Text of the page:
Notre-Dame de l'Assomption Abbey
The monastery dates back to the beginning of the 20th century. Due to religious persecution, a group of Cistercian nuns emigrated to Canada in 1904, from a Cistercian monastery located in Vaise (Lyon), France (which had been founded in 1817) in order to reestablish their monastic community in Rogersville. Their new abbey was established 3.5 kilometres south of Notre Dame du Calvaire Abbey, a monastery established by another group of Trappist monks who had arrived in 1902.
The nuns arrived in May and took possession of their new provisional monastery - a small farmhouse of six rooms for 19 people - on June 10 of that year. Those early years were full of struggles as the nuns adapted to the Canadian climate, a rural lifestyle and the daunting task of building up a monastery from the humble beginnings of that farm house.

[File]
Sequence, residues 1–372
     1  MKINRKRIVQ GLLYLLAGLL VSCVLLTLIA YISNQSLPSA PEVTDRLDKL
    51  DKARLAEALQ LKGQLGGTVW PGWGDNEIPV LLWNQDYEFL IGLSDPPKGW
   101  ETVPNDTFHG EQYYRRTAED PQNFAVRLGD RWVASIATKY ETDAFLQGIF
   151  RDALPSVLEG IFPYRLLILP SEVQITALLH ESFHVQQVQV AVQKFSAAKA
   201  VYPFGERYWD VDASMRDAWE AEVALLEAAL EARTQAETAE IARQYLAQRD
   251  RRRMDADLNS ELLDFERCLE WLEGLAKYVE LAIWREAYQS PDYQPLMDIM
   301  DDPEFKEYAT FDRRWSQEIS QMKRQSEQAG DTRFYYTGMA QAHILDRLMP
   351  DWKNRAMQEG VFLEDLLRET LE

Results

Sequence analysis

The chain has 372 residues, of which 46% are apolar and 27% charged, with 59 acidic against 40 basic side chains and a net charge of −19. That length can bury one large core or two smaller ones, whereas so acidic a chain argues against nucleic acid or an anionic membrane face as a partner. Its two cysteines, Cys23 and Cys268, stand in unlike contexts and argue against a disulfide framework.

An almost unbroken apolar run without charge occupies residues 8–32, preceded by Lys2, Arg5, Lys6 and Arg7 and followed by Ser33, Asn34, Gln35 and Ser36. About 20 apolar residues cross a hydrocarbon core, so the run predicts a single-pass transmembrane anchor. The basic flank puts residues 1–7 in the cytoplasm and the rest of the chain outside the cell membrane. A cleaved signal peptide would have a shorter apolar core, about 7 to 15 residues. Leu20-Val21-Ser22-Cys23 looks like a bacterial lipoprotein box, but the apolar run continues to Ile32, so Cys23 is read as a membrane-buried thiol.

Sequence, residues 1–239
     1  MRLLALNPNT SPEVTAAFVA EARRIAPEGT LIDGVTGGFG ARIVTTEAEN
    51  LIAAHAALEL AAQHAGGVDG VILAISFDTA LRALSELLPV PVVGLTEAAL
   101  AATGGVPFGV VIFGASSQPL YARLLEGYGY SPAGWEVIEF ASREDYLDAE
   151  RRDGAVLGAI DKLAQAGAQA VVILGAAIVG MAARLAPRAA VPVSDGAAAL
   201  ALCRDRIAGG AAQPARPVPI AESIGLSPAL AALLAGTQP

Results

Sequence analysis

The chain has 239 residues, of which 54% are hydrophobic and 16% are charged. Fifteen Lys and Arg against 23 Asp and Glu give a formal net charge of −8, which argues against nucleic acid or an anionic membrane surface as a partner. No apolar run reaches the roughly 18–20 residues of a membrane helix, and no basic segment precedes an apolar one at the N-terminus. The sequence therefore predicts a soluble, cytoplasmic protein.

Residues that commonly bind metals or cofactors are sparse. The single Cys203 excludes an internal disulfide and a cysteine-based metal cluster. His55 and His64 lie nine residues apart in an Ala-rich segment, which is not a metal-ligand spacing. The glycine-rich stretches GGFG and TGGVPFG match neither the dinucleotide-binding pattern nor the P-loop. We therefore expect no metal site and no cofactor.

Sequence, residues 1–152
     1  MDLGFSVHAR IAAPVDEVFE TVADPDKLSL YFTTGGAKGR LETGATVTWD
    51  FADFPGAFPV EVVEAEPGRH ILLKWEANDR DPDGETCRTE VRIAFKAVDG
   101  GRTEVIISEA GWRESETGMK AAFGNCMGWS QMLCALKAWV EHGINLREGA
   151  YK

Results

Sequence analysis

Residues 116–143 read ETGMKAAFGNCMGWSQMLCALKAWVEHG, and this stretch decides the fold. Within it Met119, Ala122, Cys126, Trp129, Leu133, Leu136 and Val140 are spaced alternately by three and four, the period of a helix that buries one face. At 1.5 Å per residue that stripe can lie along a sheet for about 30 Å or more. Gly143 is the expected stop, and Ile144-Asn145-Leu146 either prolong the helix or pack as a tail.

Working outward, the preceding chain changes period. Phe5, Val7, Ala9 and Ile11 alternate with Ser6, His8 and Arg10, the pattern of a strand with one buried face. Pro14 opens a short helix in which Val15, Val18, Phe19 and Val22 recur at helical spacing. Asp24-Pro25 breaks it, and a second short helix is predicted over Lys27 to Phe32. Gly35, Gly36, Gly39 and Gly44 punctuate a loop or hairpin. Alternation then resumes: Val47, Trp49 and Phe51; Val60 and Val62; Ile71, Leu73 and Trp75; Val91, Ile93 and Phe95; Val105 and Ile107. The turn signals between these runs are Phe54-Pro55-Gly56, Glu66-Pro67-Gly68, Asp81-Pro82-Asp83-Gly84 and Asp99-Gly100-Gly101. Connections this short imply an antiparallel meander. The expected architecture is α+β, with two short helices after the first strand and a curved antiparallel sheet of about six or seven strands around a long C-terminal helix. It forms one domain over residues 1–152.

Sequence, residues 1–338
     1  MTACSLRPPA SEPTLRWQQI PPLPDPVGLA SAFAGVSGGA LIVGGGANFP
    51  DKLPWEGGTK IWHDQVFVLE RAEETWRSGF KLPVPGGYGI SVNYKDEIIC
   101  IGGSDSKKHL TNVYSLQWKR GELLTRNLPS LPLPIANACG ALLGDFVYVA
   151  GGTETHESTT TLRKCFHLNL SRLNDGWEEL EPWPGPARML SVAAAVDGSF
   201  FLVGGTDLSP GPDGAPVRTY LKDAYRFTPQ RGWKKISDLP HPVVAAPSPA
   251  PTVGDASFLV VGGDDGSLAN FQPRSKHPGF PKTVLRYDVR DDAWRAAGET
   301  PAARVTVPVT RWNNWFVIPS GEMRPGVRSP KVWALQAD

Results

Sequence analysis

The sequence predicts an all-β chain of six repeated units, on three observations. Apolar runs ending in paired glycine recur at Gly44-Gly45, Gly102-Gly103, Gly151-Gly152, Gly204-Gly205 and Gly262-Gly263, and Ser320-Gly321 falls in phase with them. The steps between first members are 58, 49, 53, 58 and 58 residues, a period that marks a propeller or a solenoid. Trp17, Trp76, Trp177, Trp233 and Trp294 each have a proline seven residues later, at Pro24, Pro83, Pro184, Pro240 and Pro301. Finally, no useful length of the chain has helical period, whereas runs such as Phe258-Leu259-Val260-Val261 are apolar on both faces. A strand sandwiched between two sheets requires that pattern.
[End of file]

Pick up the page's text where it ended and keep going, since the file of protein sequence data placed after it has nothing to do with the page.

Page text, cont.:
With the generous aid of the local people and their pastor, Mgr. Marcel François Richard, the nuns not only persevered but were eventually joined by many Acadian women desirous of the monastic lifestyle and, little by little, a flourishing monastic community was established, replete with an Abbey church built in 1922, the present monastic complex built in 1950 and a retreat house for women opened in 1970.
Over the years, the nuns gained their livelihood through different endeavours: at first by making Mass wine, then through the fabrication of Altar Breads (hosts). The altar bread industry has been modernized and today several types and sizes of hosts are made and sold throughout the Maritime parishes. Most importantly, however, the Trappistine nuns have lived a life of prayer and intercession by their faithful celebration of the Liturgy, consisting of prayer services dispersed throughout the day, with its climax in the Eucharist.
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